by Michael A. Fury, Techcet Group
August 13, 2010 – Day 2 of the 15th Annual Clarkson CAMP CMP Symposium was led by Manabu Tsujimura, corporate CTO at Ebara, who spoke on surviving the Ice age as we transition from 45nm to 20nm. While some are talking about going back to aluminum interconnects when copper reaches its electron scattering limits, Tsujimura is content to leave it marked "unknown," though he cites tungsten as one additional option. His overall message is that equipment manufacturers need their own paradigm shift for process tools if they intend to survive the upcoming node transitions.
Hiroyuki Tano from JSR Research presented some characterization work on JSR pad polymer compositions, which contain water soluble poromers that create pad "porosity on demand" as they are exposed by pad conditioning. Effective surface hardness is engineered to deliver an acceptable trade-off between planarity and defects.
Fred Sun of Cabot Microelectronics spoke about system-level optimization in CMP to concurrently maximize performance and CoO. Specific interactions between pad and conditioner were quantified against performance results, confirming that the industry’s current process is well into the regime in which 2nd– and 3rd-order interactions are significant. He says the demands of advanced CMP system optimization are like solving Rubik’s Cube — whereas addressing single components is more like Whack-A-Mole.
Keiichi Kimura from the Kyushu Institute of Technology described their early attempts to analyze the conditioned pad surface and material removal mechanism using FFT topography and spatial frequency analysis. Differences in spatial wavelength were observed as a function of conditioner abrasive design pattern and diamond grit diameter. This is believed to be related to slurry flow stability between the wafer and pad.
Taewook Hwang of Saint-Gobain Abrasives talked about controlling the conditioner cut rate characteristics as a function of diamond shape. A systematic correlation of pad texture with diamond shape was produced for several different kinds of pads. While IC1000 is the standard pad for such studies historically, the Cabot D100 has played a prominent role in this study and several others in this symposium.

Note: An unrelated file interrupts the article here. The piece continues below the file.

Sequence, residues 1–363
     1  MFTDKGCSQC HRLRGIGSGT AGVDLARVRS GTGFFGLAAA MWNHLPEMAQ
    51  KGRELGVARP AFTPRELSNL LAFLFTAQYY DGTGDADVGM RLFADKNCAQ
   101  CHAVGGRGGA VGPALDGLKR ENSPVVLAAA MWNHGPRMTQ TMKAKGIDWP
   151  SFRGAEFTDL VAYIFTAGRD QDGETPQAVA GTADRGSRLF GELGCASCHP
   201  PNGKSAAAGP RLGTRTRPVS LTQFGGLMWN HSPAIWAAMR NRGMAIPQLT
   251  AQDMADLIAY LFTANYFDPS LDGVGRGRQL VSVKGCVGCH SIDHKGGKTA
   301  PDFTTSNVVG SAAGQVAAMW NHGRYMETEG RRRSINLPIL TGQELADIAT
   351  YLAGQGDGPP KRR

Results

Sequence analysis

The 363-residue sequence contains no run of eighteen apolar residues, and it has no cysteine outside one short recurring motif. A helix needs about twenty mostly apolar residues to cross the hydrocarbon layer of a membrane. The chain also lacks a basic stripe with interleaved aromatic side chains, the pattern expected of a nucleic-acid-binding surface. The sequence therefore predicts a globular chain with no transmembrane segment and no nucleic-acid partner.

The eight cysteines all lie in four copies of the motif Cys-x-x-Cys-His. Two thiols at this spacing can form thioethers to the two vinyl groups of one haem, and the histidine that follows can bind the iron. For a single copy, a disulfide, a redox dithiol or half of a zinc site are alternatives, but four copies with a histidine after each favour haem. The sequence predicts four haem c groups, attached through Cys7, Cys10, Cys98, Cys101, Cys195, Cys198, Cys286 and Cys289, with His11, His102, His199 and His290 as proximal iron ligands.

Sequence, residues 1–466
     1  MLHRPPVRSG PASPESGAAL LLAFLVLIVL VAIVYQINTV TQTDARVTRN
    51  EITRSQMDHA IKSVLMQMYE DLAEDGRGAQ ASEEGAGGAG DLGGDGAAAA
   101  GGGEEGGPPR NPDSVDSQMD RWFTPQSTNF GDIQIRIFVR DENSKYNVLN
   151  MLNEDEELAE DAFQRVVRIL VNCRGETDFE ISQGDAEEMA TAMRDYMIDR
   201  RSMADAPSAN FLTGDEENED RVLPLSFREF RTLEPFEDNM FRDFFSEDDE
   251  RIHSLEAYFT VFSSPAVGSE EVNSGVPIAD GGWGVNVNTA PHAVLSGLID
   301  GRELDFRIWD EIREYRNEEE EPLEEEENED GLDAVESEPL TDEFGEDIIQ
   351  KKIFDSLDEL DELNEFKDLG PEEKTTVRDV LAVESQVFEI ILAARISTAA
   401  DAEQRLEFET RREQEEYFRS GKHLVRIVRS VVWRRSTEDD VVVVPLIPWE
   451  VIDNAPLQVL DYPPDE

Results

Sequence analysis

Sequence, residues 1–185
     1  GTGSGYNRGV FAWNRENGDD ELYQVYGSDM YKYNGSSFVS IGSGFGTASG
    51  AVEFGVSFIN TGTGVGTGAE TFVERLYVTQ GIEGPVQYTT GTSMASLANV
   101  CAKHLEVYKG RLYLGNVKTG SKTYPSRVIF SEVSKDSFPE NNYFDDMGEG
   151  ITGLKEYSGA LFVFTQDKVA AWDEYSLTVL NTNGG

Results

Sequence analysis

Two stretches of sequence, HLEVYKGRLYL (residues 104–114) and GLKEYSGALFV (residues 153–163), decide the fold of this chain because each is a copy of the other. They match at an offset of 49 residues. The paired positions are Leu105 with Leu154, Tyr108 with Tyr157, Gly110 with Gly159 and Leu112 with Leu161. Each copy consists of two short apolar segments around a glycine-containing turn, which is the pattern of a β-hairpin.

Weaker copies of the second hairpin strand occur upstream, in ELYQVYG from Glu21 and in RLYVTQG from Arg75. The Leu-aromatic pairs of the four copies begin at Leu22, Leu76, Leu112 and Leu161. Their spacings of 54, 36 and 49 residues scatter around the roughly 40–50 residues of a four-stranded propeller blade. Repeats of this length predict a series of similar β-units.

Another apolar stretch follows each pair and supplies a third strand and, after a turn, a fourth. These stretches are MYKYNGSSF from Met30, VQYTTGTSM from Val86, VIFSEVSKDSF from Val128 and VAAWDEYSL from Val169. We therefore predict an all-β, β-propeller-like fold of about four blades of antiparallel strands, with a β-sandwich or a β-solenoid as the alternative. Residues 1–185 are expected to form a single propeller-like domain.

The evolution of CMP process control led into an introduction of Applied Materials’ latest techniques designed specifically for Cu processing. Jimin Zhang described how incoming film thickness and uniformity measurements are used to compute a set of custom process conditions for each wafer. However, real time process control is still required to consistently achieve ever-tightening specs.
|Day 1:CMP’s FEOL future, "dark art" defect work, mysterious Cu dendrites
Bastian Noller of BASF introduced their latest approaches for dealing with CMP for through-silicon vias (TSV), as well as a new (to me) acronym: BFEOL, which means "before FEOL." (Someone needs to come up with a "final BEOL" process to complete the set — FEOL, BEOL, BFEOL, FBEOL — but I digress.) Their optimization of a TSV Cu slurry hinges on a dual crosslinking inhibitor and frangible polymer abrasive particles.
Samsung’s Jongwon Lee described the use of a sacrificial polymer layer to boost planarization efficiency of SiO2 polishing. Photoresist is routinely used experimentally, but is too expensive to use in volume production. Their CFSP (CMP-friendly sacrificial polymer) is essentially a hardened photoresist resin without the expensive photo-active compounds.
Haedo Jeong from Pusan National U. used bare Si wafers to analyze changes in friction in process phenomena associated with CMP. This early work focused on pad conditioning and break-in, and may prove to be a useful framework for future study.
Andreas Klipp of BASF walked us through the systematic approach that was used to develop their Planapur R-P0D cleaning product for Cu PCMP. This work highlights the amount and variety of experimental data that is required to commercialize products for volume chip production. Complete removal of BTA and restoration of low-k dielectric constant are among the key design criteria that were successfully met.
Chintan Patel from Entegris spoke about their modified charge, ultra-clean PVA brushes. The essential trick is formulating the brush materials with a negative zeta potential to minimize the accumulation of particles in the brush while still effectively removing them from the wafer surface. Modified features at both ends of the brush are shown to improve the wafer edge cleaning.
Michael A. Fury, Ph.D, is senior technology analyst at Techcet Group, LLC, P.O. Box 29, Del Mar, CA 92014; e-mail [email protected].